The Road to Neurodiversity Affirming Practice
In this blog by Raelene Dundon, she draws on her experience as a clinician to help you find out what you can do to make your practice more neurodiversity affirming.
The road to neurodiversity affirming practice starts with what can be a really difficult realization for a therapist; the realization that what we know about Autism and other neurodivergent neurotypes could be wrong. With that realization comes reflection on our knowledge and beliefs and, most confronting, our practice.
When we open ourselves up to the concept of neurodiversity affirming practice, we also have to face an uncomfortable truth about the therapy and treatment we may have provided in the past. For many of us, our practice has been based on misinformation and outdated concepts of neurodivergence and disability which have led us to work towards making our clients appear more neurotypical rather than supporting and celebrating their individual needs.
But what do we do when we find out that an approach we have been using for years, that is supposed to be evidence-based and widely used, is not neurodiversity affirming, and may in fact be distressing or damaging to our clients?
We have two choices:
We can ignore the information we are hearing about neurodiversity affirming practice from practitioners and lived experience individuals and continue to practice in the way we always have because that is what we were taught and that is what we know, regardless of the impact it could have on our clients.
We can embrace this new information and understand that we have done our best with the knowledge we had, and now we can make changes and do better from this point forward.
This choice shouldn’t be a hard one to make in theory, but it requires us to acknowledge that we may have made mistakes and may have inadvertently caused distress to our clients, and as clinicians this is not an easy thing to do.
In my experience, the decision to become a clinician, whether in medical practice, mental health, or allied health, usually comes from a long-held desire of the individual to help others. So, when we are faced with the possibility that we may have done something that had a negative impact on clients, even though we had the best of intentions, we can easily become distressed or even defensive.
But the reality is that clinicians work with the knowledge they have received, often over years of study and continuing education, and we trust that the information we have is accurate. We certainly don’t think that it would be harmful especially if it is widely used and accepted.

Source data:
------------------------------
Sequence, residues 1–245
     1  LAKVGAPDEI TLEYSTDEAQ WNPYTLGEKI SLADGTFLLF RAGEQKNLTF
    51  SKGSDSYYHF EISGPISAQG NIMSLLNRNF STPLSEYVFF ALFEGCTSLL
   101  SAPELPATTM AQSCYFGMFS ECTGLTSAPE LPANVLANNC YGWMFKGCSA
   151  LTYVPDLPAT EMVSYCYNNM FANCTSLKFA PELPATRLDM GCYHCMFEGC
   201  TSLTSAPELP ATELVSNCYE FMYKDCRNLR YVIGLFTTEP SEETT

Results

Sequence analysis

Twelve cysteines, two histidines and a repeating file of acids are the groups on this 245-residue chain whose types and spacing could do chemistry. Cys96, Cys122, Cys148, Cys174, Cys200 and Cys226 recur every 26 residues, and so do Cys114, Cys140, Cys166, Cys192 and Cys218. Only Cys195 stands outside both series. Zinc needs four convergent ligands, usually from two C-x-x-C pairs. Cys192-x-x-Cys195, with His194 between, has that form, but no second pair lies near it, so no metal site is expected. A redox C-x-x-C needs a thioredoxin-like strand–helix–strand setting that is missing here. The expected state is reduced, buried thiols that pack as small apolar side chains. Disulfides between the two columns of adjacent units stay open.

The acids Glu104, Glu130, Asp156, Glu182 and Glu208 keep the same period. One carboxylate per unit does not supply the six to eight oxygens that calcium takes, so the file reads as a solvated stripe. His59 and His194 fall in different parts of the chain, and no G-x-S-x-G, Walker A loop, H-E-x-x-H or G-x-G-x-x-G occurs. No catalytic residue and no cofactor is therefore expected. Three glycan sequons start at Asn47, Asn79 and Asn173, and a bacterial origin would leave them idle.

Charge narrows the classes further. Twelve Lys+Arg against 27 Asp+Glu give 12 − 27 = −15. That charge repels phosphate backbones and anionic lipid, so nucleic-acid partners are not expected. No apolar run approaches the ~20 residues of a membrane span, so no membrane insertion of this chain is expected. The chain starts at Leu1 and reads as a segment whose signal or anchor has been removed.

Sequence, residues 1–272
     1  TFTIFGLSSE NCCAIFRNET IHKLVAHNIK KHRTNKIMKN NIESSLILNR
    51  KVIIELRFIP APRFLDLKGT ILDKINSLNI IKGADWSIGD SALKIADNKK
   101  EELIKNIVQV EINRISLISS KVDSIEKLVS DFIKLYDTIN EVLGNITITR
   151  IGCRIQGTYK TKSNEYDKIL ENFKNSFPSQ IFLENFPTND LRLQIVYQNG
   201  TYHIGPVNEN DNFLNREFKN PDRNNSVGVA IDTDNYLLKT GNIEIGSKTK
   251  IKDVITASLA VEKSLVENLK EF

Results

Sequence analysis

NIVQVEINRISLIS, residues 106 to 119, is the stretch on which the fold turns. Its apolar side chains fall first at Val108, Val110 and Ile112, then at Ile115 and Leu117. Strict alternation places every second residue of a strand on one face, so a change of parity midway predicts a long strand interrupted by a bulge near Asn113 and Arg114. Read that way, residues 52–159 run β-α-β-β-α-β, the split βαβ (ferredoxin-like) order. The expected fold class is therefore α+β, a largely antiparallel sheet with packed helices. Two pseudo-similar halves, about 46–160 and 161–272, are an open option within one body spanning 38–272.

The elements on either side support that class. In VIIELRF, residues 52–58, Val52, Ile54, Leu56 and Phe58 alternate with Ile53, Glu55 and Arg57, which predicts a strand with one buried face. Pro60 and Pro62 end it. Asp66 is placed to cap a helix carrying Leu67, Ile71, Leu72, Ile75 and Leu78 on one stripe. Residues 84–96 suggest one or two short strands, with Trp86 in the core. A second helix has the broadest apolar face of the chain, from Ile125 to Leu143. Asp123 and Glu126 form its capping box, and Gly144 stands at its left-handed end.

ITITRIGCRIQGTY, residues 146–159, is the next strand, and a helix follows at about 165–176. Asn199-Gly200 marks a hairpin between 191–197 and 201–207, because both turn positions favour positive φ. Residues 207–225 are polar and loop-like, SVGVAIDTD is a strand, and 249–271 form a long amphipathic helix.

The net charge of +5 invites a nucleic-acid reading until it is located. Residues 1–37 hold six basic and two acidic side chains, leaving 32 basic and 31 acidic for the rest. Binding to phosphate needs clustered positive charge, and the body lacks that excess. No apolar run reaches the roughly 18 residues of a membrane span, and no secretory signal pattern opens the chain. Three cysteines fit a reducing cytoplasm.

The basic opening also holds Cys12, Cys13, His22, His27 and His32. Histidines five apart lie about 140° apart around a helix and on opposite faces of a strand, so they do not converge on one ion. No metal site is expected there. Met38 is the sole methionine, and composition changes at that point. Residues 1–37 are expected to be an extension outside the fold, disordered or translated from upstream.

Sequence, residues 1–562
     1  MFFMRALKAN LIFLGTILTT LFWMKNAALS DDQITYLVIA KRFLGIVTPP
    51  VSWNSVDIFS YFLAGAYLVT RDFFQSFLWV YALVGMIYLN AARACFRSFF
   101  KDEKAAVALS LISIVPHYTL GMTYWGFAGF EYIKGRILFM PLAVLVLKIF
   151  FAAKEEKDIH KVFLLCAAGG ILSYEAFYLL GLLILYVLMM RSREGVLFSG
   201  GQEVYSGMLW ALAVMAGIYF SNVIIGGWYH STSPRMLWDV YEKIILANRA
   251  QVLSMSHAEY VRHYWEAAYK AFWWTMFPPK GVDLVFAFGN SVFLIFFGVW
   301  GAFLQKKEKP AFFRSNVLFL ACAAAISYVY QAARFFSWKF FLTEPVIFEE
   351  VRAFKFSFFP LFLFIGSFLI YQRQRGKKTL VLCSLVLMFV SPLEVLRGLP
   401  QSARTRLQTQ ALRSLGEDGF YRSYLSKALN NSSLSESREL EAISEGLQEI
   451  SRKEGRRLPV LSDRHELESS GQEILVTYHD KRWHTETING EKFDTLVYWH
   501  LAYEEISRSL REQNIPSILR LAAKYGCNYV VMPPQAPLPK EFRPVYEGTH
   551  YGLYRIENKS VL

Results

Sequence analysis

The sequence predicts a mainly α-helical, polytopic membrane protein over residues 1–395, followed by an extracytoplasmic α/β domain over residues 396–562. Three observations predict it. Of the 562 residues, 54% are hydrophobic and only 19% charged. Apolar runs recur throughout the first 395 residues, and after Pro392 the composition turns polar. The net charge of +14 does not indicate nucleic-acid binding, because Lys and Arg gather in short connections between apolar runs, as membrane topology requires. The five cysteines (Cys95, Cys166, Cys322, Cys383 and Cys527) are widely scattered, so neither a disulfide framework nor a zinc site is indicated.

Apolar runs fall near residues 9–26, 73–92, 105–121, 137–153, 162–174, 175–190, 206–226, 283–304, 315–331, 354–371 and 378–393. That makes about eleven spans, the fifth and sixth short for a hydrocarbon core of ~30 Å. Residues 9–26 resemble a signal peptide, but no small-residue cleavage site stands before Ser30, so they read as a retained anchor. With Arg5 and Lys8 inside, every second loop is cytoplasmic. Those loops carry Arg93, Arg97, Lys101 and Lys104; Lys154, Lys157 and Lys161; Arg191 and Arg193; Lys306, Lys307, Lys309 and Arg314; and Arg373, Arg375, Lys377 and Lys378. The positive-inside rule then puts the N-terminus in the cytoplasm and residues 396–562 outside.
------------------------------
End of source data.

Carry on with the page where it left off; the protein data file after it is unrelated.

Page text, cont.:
With so many advancements in our understanding of medicine, mental health and neuroscience in recent years, ideas and approaches are constantly changing. Understandably then, there are going to be methods of practice that were seen as effective and safe at one point in time, that are later found to be inappropriate or ineffective.
We all start our journey to neurodiversity affirming practice somewhere, and even the most respected neurodiversity affirming clinicians were new to the paradigm at some point in their careers.
I believe that the most effective clinicians are those that can critically reflect on their own practice, recognize where changes can be made due to new evidence-based insights, and continually look for opportunities to incorporate these new insights into their therapeutic approach to do better for their clients.
The information contained in my new book is the consolidation of my learning and experience over the past decade, and has been informed by many incredible clinicians, advocates, researchers and lived experience experts who have shared their experience and knowledge to further the neurodiversity affirming movement.
While my current understanding of neurodiversity affirming practice is reflected in my writing, it is likely that there will be further shifts in the neurodiversity affirming paradigm in the years to come.
My hope is that “A Therapists’ Guide to Neurodiversity Affirming Practice with Children and Young People” will provide readers with a starting point for their journey into neurodiversity affirming practice, and a firm base for them to continue to build their understanding of neurodiversity affirming practice as it continues to evolve in the future.
Raelene’s new book, A Therapist’s Guide to Neurodiversity Affirming Practice with Children and Young People is available to own now.